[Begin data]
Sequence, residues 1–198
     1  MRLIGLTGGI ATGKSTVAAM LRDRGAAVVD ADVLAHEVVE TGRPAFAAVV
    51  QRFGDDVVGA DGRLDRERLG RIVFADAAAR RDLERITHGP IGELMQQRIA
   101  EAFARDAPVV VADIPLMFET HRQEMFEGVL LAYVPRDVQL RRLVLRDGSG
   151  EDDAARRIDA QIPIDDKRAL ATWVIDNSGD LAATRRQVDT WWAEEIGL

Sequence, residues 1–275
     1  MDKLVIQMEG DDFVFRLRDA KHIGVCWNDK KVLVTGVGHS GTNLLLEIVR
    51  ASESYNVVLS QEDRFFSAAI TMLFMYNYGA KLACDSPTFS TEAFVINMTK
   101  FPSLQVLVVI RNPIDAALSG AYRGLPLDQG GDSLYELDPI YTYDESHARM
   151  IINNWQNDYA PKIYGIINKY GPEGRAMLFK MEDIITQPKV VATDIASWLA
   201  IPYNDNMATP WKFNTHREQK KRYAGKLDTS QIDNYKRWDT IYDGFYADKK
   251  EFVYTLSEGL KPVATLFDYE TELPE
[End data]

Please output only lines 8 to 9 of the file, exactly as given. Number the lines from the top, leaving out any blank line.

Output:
    51  ASESYNVVLS QEDRFFSAAI TMLFMYNYGA KLACDSPTFS TEAFVINMTK
   101  FPSLQVLVVI RNPIDAALSG AYRGLPLDQG GDSLYELDPI YTYDESHARM